Gig Economy Trends to Look Out for in 2019

Beth Furness

We can definitely say that electric scooters were the biggest gig economy trend of 2018. The roll out in US cities in the early spring, and the conquering of EU in the late summer, was the big talk of the (world) town. Now, just like Uber and Grab, the e-scooters startups will have to reach an agreement with city authorities on how to regulate the release and use of scooters in the streets. With these companies expanding to new markets and strengthening their hold on existing markets, we think that law regulation should be the focus of green transportation in 2019.

We can definitely say that electric scooters were the biggest gig economy trend of 2018. The roll out in US cities in the early spring, and the conquering of EU in the late summer, was the big talk of the (world) town. Now, just like Uber and Grab, the e-scooters startups will have to reach an agreement with city authorities on how to regulate the release and use of scooters in the streets. With these companies expanding to new markets and strengthening their hold on existing markets, we think that law regulation should be the focus of green transportation in 2019.


Since 2019 is around the corner, we thought it is time to share some thoughts on what we think will be big in the upcoming year!


We have all heard about the UN’s most recent climate change report, that describes a high risk of an environmental crisis as early as 2040. This report might make the green transport trend, already on the way, even more popular.


Ride hailing and ride sharing companies are the most successful example of the gig economy, but some say they worsened traffic congestion and pollution in urban agglomerations. Perhaps this is why a strong reaction, and a certain amelioration, came from the e-scooters startups all around the world. In 2018, companies like Lime and Bird, that offer electric scooters and bikes as a green alternative to transportation in cities, took the spotlight. Our bet is that the trend will only rise. Don’t be surprised if other companies tap into this piece of pie or that new companies pop up with the goal of conquering untapped markets.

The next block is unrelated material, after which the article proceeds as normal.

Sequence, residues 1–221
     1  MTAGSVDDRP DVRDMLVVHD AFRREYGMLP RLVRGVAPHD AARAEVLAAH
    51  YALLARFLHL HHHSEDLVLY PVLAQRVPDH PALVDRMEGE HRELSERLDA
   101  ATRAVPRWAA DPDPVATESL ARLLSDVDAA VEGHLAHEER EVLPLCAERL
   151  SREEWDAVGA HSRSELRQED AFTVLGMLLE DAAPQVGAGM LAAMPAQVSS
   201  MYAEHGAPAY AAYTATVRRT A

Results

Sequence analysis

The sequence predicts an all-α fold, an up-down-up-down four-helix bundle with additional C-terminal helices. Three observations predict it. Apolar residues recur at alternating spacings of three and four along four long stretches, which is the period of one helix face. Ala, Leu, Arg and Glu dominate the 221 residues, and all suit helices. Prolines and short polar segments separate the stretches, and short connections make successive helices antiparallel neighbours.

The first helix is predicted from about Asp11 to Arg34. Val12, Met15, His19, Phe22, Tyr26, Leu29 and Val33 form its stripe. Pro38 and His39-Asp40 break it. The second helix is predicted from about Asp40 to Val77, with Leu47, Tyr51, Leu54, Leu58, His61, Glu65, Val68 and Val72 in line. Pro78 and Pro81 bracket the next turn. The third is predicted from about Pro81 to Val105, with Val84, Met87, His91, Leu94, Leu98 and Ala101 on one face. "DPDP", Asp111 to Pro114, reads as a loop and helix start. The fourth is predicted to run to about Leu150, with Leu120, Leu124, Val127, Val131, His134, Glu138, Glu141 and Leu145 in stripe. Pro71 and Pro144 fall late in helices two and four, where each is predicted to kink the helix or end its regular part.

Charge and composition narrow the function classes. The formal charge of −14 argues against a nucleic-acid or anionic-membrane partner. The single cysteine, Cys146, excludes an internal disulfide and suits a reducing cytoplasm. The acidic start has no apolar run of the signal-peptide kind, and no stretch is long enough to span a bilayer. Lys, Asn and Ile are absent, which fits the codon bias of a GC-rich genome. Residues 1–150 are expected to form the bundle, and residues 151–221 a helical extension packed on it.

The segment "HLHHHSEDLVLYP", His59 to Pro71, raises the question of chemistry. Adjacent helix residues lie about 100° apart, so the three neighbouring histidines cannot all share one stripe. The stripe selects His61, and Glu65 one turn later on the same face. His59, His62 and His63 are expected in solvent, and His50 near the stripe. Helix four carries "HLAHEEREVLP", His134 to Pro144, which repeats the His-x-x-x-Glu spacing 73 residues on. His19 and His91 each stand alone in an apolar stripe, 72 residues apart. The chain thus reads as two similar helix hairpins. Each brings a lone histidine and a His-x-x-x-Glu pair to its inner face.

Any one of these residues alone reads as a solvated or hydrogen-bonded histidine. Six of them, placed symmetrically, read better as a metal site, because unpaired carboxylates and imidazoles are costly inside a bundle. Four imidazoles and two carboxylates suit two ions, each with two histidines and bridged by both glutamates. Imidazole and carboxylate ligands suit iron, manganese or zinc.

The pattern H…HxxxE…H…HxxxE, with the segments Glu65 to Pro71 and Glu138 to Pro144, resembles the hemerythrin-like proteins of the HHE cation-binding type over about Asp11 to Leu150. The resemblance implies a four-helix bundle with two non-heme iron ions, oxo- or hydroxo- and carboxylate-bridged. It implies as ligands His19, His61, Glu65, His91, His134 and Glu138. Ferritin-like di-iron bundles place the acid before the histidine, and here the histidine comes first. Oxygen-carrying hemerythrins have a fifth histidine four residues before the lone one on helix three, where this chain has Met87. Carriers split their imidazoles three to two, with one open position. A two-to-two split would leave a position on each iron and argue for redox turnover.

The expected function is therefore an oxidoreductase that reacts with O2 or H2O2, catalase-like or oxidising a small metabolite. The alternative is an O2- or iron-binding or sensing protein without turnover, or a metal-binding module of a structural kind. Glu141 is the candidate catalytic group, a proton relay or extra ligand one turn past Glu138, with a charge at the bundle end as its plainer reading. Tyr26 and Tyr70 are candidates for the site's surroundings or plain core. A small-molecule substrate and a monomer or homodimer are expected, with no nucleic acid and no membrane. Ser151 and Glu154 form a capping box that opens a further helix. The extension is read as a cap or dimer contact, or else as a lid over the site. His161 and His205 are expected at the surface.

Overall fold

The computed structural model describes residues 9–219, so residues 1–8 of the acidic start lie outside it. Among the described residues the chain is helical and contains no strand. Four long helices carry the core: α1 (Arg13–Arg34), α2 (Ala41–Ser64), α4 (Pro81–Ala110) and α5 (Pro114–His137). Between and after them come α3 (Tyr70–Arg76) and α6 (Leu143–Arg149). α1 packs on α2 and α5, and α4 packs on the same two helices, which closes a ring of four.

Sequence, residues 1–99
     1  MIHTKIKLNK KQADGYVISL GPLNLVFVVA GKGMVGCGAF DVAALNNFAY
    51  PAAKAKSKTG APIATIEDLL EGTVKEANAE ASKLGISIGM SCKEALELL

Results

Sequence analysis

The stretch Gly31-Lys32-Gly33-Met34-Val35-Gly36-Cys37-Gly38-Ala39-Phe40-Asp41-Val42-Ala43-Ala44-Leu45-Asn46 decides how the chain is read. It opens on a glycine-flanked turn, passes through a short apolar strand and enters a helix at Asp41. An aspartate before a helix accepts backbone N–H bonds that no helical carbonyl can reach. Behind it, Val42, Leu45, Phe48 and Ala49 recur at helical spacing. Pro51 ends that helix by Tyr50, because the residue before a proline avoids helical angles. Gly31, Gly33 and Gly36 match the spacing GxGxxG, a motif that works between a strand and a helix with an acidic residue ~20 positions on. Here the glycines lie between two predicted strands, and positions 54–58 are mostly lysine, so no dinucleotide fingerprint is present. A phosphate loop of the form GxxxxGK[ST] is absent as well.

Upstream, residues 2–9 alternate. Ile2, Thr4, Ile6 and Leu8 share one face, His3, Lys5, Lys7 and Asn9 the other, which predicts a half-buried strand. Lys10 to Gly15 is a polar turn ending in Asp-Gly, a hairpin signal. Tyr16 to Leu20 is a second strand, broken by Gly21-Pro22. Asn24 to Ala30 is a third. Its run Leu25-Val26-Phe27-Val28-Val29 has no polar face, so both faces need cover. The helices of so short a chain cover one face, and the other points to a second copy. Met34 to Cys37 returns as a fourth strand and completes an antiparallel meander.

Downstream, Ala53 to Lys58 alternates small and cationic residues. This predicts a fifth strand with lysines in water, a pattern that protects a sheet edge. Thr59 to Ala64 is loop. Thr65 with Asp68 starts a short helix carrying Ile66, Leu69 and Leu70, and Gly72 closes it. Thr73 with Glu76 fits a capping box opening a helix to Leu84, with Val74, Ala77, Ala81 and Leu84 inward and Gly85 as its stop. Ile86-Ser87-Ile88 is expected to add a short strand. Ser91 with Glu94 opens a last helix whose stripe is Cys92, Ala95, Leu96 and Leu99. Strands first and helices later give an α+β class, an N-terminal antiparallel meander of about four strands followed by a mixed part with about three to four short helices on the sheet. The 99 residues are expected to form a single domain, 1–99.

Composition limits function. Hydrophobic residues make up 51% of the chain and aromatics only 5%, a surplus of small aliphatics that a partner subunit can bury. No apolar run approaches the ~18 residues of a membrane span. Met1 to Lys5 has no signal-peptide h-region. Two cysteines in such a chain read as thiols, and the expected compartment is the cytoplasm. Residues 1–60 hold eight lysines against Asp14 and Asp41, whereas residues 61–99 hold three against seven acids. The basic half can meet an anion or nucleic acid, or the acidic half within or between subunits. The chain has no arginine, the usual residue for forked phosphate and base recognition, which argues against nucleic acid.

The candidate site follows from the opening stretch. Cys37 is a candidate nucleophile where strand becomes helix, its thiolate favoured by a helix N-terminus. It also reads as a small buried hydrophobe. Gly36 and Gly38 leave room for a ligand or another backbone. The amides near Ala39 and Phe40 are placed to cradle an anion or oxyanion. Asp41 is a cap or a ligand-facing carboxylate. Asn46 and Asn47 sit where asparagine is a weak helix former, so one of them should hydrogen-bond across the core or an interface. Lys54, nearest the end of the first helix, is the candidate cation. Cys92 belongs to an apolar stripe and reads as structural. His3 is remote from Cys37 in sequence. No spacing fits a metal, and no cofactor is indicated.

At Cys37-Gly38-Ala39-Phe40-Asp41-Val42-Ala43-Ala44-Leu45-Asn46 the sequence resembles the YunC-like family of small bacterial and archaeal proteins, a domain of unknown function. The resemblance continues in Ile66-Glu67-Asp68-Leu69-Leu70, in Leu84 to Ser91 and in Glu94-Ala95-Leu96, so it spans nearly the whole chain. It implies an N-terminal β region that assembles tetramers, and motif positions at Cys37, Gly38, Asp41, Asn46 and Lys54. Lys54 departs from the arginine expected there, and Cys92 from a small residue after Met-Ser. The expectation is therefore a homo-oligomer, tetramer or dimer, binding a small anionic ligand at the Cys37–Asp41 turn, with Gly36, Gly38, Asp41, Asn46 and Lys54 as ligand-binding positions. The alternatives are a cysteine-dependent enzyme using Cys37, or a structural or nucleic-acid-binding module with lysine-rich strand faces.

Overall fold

New technologies have always been the focus of the gig economy. Just think of how Artificial Intelligence helps platforms match the best workers with the best tasks for them; or how drivers are dispatched to high demand areas via an algorithm, and finally how most of the gig economy job opportunities happen via an app, from registration to actual earning.

It is thus certain that gig economy companies will keep on investing in and be relying on new technologies to perfect their services, both toward clients and towards earners. We expect to see even more sophisticated chatbots and algorithms that will help companies become more efficient. We also believe Virtual Reality will make teams work more effortlessly, with remote or freelancer team members being able to interact more efficiently with in-office employees.


We finally expect that blockchain technology will be used for remote working and micro tasks managing. Imagine being able to secure  in all security user data, invoice transactions and apply the benefits of the crypto-economy to your business! The easier and more secure having a business will be, the more businesses will develop.


That is why we believe that new opportunities for self employed entrepreneurs will come up. With the plethora of platforms out there, like Freelancer, PeoplePerHour or Fiverr, startups or solo entrepreneurs can easily outsource remote tasks like content creation, marketing, web developing, accounting and more. Expensive projects like creating a logo or a video ad, or time consuming tasks like managing a social media content calendar, can be now done faster than ever and with little budget spending involved.


Growing a scalable business will, thus, be even more facilitated in the coming year.

Finally, moving from startups to affirmed businesses.

Established companies with more traditional business models will probably jump on the wagon of the gig economy in order to improve their services. For example, Ikea has already taken the leap by buying TaskRabbit, which offers furniture assembly services. In this way they will be able to implement the furniture assembly as a customer service feature. The gig economy is all about finding new ways of doing things, or enabling smart solutions to come to life. Sometimes, big companies find it hard to develop such solutions, but have the money necessary to buy the ready made product and optimise it in their business model.


It is certain that more companies will follow.


Lastly, we should expect some surprises! Who would have thought that the electric scooter would be a thing this year? You never know what new ideas will come up and, as the gig economy is scaling up, more and more services that had never crossed our minds will upgrade our life. Who knows? You might be able to rent a cat by the hour to help you ease your stress by the end of next year!

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